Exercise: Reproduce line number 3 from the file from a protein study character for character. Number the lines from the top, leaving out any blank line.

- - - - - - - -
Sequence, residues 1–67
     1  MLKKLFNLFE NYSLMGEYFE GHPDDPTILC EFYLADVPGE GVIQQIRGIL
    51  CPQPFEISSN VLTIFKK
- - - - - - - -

    51  CPQPFEISSN VLTIFKK